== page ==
Goals and Values
Many of us are familiar with the concept of goals – working towards a desired outcome in the short, medium or long term. For example, “I want to save this much money by Christmas”, or “I want to run a marathon one day”.
Goals are important for motivation and discipline... however, there are some downsides. When we don’t achieve our goals, we can feel deflated and bad about ourselves. Our so-called “failures” can become fuel for beating ourselves up.
Goals can also be based on what other people think is important. We may set certain goals because we think that to be a successful or worthwhile person, we must achieve what other people place value on.
But what about what we value…what even are values?
Dr Russ Harris, a renowned trainer and therapist in Acceptance and Commitment Therapy, describes values as a type of compass that give our lives direction towards what is meaningful.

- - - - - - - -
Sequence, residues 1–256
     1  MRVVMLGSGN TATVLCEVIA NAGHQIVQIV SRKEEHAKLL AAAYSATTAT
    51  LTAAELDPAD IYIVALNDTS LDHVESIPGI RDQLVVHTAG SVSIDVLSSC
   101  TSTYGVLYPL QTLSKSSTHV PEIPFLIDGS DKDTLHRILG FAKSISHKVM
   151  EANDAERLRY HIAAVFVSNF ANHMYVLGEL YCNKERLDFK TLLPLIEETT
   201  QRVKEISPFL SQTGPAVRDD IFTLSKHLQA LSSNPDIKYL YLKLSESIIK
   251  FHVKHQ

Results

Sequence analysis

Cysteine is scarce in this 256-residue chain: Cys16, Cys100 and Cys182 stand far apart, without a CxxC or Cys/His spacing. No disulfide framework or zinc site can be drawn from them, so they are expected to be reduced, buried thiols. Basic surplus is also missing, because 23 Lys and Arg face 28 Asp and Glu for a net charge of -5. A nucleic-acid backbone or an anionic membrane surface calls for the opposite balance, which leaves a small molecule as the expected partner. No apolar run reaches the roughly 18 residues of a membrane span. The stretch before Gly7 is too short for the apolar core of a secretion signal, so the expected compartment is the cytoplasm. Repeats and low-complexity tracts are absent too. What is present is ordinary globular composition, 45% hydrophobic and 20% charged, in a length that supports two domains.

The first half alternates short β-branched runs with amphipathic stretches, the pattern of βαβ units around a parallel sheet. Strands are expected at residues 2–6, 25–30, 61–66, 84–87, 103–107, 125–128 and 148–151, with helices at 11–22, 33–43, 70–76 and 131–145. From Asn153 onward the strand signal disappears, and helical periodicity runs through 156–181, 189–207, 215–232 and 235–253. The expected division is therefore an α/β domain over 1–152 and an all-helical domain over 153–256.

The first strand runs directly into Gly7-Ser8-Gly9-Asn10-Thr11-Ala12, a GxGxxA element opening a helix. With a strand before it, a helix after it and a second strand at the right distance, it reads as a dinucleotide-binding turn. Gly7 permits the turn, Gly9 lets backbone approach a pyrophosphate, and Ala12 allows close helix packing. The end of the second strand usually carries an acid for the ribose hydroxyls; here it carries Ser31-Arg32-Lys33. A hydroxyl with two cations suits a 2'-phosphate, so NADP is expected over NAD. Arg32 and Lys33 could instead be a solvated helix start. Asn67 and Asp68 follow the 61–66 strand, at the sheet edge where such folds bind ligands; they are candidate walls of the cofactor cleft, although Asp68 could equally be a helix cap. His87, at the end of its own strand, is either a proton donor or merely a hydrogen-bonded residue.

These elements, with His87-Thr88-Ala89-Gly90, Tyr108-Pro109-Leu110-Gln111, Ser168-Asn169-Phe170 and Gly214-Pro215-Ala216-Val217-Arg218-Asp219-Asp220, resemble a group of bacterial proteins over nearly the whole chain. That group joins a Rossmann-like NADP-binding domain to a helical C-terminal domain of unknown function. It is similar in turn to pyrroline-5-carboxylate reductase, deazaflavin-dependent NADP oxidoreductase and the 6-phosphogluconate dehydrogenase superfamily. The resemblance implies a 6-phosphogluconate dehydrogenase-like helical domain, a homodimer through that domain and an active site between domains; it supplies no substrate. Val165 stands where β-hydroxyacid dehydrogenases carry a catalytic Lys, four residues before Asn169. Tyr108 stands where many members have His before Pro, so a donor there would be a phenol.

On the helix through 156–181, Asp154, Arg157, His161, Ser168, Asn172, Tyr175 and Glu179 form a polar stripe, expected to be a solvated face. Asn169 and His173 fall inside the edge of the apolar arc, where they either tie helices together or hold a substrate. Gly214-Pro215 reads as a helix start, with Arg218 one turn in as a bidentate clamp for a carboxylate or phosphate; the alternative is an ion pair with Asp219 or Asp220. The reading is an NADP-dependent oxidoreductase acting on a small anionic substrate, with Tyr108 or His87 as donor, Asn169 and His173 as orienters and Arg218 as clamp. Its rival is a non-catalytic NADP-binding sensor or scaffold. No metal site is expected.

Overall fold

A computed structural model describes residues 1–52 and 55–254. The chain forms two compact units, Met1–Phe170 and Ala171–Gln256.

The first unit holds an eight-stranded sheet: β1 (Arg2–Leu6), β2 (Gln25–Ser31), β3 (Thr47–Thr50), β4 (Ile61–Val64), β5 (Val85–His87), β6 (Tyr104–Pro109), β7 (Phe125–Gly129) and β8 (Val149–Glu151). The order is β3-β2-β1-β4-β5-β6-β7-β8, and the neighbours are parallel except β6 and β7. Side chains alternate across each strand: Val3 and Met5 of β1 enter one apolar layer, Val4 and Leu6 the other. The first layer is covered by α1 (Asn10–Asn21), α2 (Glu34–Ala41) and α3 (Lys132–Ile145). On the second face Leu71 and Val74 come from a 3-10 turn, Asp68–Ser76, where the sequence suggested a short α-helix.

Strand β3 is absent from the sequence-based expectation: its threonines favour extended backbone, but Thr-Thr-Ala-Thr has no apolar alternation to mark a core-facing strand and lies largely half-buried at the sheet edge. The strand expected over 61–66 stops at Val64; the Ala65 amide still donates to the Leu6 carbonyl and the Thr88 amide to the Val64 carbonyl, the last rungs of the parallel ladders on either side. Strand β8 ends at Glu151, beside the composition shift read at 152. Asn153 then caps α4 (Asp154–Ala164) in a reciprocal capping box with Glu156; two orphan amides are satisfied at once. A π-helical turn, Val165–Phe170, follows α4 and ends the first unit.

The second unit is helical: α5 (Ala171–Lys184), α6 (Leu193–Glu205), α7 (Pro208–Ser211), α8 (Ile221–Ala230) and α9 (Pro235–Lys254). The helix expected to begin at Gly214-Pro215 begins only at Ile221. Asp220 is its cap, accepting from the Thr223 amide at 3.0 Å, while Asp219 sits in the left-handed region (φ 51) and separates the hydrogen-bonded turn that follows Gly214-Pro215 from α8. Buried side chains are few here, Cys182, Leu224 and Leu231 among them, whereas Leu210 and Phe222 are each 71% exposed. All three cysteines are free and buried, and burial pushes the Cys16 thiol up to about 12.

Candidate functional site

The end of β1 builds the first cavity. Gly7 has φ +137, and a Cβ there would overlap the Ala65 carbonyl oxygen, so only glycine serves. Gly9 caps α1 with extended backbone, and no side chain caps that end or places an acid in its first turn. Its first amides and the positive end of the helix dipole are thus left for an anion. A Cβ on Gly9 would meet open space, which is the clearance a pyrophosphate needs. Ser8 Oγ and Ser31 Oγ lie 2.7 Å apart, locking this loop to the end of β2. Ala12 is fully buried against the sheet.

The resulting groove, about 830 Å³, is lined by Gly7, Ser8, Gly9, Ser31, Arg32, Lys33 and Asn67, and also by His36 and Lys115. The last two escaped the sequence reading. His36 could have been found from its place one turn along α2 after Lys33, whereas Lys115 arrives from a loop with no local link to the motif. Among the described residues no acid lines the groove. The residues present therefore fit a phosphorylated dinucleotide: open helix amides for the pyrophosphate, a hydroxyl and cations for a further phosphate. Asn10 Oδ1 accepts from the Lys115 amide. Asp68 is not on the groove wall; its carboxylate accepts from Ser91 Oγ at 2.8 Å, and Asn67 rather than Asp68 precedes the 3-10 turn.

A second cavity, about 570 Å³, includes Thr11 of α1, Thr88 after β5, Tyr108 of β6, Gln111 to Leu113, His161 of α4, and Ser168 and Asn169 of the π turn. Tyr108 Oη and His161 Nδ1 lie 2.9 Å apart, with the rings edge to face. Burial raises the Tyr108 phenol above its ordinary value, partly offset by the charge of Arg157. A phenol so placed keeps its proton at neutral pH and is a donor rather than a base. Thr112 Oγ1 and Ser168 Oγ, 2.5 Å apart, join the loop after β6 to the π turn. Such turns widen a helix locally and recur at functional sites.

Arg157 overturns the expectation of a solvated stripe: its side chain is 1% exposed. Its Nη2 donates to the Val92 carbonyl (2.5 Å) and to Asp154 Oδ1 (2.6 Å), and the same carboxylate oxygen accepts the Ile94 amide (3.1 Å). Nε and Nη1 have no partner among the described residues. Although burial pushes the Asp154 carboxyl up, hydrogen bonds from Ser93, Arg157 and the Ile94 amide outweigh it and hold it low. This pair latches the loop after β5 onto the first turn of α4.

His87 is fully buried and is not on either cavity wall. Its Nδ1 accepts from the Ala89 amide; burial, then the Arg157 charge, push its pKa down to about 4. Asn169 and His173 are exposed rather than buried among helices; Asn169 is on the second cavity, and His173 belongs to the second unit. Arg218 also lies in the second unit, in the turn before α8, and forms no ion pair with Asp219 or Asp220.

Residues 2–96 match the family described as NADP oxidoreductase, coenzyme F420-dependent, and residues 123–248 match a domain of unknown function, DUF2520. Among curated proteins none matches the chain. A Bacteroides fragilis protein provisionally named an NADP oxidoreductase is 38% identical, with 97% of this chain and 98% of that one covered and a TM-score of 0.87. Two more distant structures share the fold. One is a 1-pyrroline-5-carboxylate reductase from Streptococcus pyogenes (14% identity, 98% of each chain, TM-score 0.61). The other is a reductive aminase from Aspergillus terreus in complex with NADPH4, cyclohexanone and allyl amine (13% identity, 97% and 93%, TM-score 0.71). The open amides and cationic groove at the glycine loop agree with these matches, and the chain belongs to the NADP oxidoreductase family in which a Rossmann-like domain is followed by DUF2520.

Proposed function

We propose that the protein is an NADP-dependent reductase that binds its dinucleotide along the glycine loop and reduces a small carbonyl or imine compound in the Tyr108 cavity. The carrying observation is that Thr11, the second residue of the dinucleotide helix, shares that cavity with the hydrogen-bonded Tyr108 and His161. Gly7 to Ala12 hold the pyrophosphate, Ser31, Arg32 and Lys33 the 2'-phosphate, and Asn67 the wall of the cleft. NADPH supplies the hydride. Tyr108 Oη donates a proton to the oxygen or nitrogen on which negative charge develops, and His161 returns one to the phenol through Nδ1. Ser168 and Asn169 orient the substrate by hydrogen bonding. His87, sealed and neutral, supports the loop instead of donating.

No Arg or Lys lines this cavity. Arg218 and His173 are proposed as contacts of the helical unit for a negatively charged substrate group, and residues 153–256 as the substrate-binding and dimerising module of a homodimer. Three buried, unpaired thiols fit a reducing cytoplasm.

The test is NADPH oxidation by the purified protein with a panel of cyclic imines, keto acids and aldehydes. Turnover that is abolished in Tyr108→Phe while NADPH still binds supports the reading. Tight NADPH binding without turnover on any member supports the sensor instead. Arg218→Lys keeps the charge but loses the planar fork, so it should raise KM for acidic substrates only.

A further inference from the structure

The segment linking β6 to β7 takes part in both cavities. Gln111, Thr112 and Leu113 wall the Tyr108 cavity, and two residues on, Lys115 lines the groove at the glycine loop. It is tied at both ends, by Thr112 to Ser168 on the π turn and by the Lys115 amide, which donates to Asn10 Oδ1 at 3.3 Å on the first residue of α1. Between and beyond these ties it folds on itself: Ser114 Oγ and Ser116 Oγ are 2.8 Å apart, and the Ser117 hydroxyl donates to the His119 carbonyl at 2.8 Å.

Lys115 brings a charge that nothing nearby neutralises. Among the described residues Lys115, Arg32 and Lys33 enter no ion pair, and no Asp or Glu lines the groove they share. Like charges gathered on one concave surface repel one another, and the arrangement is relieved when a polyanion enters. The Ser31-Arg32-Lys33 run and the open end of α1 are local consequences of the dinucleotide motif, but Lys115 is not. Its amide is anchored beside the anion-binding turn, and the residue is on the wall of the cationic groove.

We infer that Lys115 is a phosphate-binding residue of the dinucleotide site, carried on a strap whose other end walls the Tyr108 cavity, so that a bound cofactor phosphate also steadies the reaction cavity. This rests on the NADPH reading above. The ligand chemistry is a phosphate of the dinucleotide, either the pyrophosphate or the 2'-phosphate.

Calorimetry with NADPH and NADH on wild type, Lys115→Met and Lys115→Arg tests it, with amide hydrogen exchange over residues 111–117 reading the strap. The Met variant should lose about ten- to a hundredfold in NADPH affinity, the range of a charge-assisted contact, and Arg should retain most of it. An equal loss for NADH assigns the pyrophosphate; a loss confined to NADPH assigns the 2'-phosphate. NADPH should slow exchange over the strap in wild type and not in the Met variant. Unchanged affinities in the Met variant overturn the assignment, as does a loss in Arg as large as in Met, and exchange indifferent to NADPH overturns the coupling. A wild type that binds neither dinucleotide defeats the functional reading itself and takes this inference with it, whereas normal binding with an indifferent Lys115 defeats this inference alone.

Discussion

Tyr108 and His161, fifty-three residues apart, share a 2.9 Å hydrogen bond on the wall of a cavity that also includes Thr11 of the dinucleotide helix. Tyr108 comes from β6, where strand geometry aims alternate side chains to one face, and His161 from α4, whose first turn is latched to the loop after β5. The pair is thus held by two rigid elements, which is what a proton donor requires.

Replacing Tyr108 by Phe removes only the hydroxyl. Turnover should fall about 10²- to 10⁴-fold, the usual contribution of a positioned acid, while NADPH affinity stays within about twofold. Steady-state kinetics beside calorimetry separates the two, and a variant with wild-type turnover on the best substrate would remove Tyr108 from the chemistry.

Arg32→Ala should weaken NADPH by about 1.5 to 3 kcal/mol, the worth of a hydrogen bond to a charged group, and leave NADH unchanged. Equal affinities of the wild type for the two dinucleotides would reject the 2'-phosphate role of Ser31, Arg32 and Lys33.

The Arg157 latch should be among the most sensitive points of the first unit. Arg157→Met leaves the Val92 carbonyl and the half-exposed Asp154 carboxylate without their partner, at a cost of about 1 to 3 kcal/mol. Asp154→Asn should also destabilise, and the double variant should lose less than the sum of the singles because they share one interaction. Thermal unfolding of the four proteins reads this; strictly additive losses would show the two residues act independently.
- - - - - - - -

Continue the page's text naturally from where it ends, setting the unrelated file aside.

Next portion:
When trying to identify your own values, think about how you spend your time, your important relationships, your faith or spirituality, your hobbies, your job… what are the things that really make life meaningful for you?
For example, if you like gardening in your spare time, perhaps the underlying value is about an appreciation for nature. You don’t have to have the “best” garden, you can simply enjoy watching your plants grow and find other ways to spend time in nature.
Perhaps you enjoy travelling, and the underlying value is about meeting new people and a sense of adventure. Even when you can’t travel because of COVID restrictions, you can find other ways of living in line with this value, such as joining a new group or looking for places to visit in your state.
Values can be more helpful than goals because they don’t place pressure on us to “achieve”. Values give us endless possibilities to explore what is important, even in the tough times. And if we do want to set goals, we can be sure that they are meaningful to us… more on this later.